Marketing & Media trends
#BizTrends2022: Key trade and investment trends in Africa - Part 2
Technology, media and telecommunications (TMT)
The TMT sector is transforming businesses in Africa, opening up competition, introducing new services and disrupting incumbent business models. Before Covid-19, businesses in Africa used technology to reduce costs, improve processes, grow customers and enhance innovation. The impact of the pandemic boosted existing trends, especially digitalisation and the remote delivery of services. However, for Africa to implement high end, fourth industrial revolution (4IR) technology and infrastructure, TMT companies require flexible and investment-focused policy and legislative frameworks that cater for the affordable and efficient rollout of telecommunications infrastructure and access to broadband spectrum. The rollout of 5G in Africa will lead to the significant transformation of the manufacturing, health, transport and utilities sectors. Once the Internet of Things (IoT) becomes a reality, through the rollout of 5G, Africa's transformation will be meaningfully accelerated through the ability to access the enhanced capabilities of smart cities, asset tracking, connected shopping, energy monitoring, smart homes, and smart agriculture. For example, 5G will enable the use of wireless sensors to monitor crop conditions and track livestock, resulting in better crop yields, higher quality produce, and more efficient farming.
Unfortunately, very few African countries have made significant progress in the roll out of 5G and if this is to be a focus then it will be important to ensure that policy and legislative frameworks are in place to enable the efficient and affordable roll out of telecommunications infrastructure, as well as access to the required broadband spectrum. A further important focus for the success of 5G roll out in Africa will be the ability of consumers to access affordable data services and smart devices.
Further, we expect important developments on the legislative and regulatory front, ranging from content moderation, the increased regulation and possible licensing of online content and social media platforms, the introduction of data localisation requirements and digital taxes, as well as greater regulatory oversight over the operations of intermediary platforms.
Despite the global pandemic, the African fintech ecosystem has remained on a steady rise. Increasing access to mobile devices and internet connectivity has accelerated Africa into the second fastest market for global banking and payments businesses. Mobile money and third-party payment systems have been segment leaders, with more than half of the world's mobile money customers now based in Africa, and the continent accounting for three quarters of the world's mobile money and peer-to-peer (P2P) transactions by volume. The Fintech industry has also accounted for more than 25% of all venture capital rounds in the last two years, with regional leaders, such as Egypt, Nigeria, South Africa and Kenya, seeing the majority of funded start-ups and capital coming from various jurisdictions, including west-coast United States and China.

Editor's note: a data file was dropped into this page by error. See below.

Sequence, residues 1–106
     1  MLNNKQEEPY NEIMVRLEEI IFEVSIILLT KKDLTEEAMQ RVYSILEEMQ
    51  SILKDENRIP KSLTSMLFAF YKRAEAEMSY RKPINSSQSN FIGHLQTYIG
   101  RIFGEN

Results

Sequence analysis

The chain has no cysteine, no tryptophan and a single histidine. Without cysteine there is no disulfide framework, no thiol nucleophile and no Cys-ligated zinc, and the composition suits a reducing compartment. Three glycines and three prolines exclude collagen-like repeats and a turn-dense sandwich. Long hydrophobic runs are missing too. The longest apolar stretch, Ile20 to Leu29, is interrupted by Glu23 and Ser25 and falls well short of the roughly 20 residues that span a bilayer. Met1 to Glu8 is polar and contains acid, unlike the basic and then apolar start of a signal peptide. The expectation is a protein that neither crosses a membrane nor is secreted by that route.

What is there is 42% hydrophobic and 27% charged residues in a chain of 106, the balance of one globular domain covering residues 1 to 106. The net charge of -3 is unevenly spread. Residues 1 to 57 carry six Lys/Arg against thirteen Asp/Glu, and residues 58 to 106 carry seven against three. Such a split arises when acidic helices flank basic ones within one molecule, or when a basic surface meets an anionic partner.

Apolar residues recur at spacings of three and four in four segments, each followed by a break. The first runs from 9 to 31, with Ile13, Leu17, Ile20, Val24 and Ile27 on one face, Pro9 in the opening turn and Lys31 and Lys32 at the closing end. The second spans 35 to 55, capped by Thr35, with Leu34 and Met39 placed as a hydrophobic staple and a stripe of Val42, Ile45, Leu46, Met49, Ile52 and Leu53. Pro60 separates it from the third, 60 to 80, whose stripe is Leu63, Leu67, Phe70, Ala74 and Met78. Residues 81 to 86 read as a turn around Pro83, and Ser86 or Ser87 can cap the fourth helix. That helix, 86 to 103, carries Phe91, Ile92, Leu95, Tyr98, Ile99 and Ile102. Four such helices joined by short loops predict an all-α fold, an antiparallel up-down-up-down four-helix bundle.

There have also been significant movements in digital currency trends. The Central Bank of Nigeria became the second central bank in the world to issue a Central Bank Digital Currency (CBDC) with its launch of the eNaira in October 2021. African CBDCs hold significant potential for the movement of money on the continent, especially in light of broadening trade corridors as a consequence of AfCFTA. Many other countries, such as South Africa, are also piloting similar projects and feasibility studies.
In the private sector, South Africa also saw the launch of its first Rand-pegged stablecoin, the ZARP, released on the OVEX exchange. The potential of African stablecoins is far reaching, and they are quickly becoming the bedrock of a new movement known as Decentralized Finance (DeFi). South Africa also had its first cryptocurrency, the SAFCOIN, founded in 2018, go global in September 2021, riding on the wave of Africa's growing cryptocurrency market, which ballooned to US$105.6 billion between June 2020 and June 2021.
However, regulators have begun to clamp down on cryptocurrency risks, particularly custodial holding, with the continent also seeing some of the world's largest cryptocurrency scams. Regulators are increasingly aware that these new innovations come with substantial consequences and risks, which must be understood so that African governments and regulators can develop appropriate laws and regulations.
Data privacy and security
The pandemic has driven home the high value of personal data while also highlighting its vulnerability to abuse and attack, and African governments have begun reviewing their data privacy and protection laws and regulations. The Convention of the African Union on Cybersecurity and Personal Data has been ratified by a small number of the 55 AU members, while 14 countries had signed but not ratified it. Legislation governing the digital economy is essential to protect African citizens in terms of their digital privacy and security rights, while also ensuring their online freedoms are not threatened.